Good piece. The “beg buttons” are placebos–designed to give the appearance of pedestrian controls whereas in fact all lights are timed to stingy crossing times. The only exception in Dublin are the lights in front of Leinster House. Given the contempt shown to the citizens by Dublin City Council and the national government, it really is no surprise that pedestrians would treat the traffic lights (which seem indeed to be there to ensure traffic flow, not pedestrian safety) and jaywalking laws with reciprocal contempt.

Also, this: [http://www.salon.com/2015/08/20/t…

Susan Leahy
at 5 July 2017 at 22:16

I jay walk because it’s quicker, you have to wait far too long for pedestrian lights to change- when they exist- if pedestrians who walk and use public transport were given equal road crossing rights as individuals in cars there would be no need to jay walk and everything would run smoother. It takes too long for the red man to turn to green…. maybe he should become a radical she….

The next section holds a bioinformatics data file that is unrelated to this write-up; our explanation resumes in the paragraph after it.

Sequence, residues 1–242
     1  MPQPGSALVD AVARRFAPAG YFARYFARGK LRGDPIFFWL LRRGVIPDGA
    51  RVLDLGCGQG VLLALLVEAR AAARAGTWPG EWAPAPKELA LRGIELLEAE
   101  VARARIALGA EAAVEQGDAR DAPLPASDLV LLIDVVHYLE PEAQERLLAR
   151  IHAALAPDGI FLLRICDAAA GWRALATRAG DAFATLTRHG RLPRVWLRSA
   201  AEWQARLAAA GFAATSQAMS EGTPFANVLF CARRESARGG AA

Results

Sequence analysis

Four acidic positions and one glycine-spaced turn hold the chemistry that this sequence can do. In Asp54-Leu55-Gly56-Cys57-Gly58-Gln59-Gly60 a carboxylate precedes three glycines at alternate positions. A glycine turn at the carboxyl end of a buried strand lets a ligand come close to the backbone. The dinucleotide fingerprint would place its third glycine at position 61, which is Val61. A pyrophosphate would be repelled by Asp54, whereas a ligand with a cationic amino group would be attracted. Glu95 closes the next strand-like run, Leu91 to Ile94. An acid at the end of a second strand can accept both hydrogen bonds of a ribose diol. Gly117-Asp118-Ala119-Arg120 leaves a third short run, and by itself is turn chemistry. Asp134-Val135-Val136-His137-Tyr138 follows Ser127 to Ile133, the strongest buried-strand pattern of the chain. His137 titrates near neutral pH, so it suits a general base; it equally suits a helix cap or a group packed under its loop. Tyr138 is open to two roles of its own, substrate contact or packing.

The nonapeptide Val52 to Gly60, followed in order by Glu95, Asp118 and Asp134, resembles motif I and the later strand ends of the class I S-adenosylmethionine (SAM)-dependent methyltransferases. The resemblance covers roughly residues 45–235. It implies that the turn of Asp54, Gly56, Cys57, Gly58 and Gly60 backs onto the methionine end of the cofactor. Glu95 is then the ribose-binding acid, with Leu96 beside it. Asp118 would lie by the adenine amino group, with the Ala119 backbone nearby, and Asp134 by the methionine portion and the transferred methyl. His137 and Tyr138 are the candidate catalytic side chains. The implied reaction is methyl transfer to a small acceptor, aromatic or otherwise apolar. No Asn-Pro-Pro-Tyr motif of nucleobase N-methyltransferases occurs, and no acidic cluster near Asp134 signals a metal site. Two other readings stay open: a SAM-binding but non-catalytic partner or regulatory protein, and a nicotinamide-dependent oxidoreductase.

North but South
at 6 July 2017 at 12:14

The whole system favours the car over all else. You stand by a pedestrian crossing for several minutes and when the light goes green allowing you to cross you literally have 10 seconds to do so before it turns red again! I don’t know how the old or infirm manage it.
And worse, the junctions that both the traffic light and walking light are inexplicably both red! Even the feckin’ Luas stops at traffic lights. You have to jaywalk.

at 6 July 2017 at 23:06

Since you don’t know how many, if any, pedestrians were killed while jaywalking it seems strange to bring up all that information about pedestrian fatalities. Do we know how many of them were killed by a car going through a red light and hitting them while the pedestrian light was green?

I agree with all the other posters who indicate that the main reason pedestrians cross on red is that there is so little time given to pedestrian crossings. Do another survey. Pick 10 busy junctions and see how much green time is there for pedestrians versus cars. There are plenty of pedestrian crossings in the city where if I miss my 30 second slot I may be waiting for 3 or 4 minutes for the next one.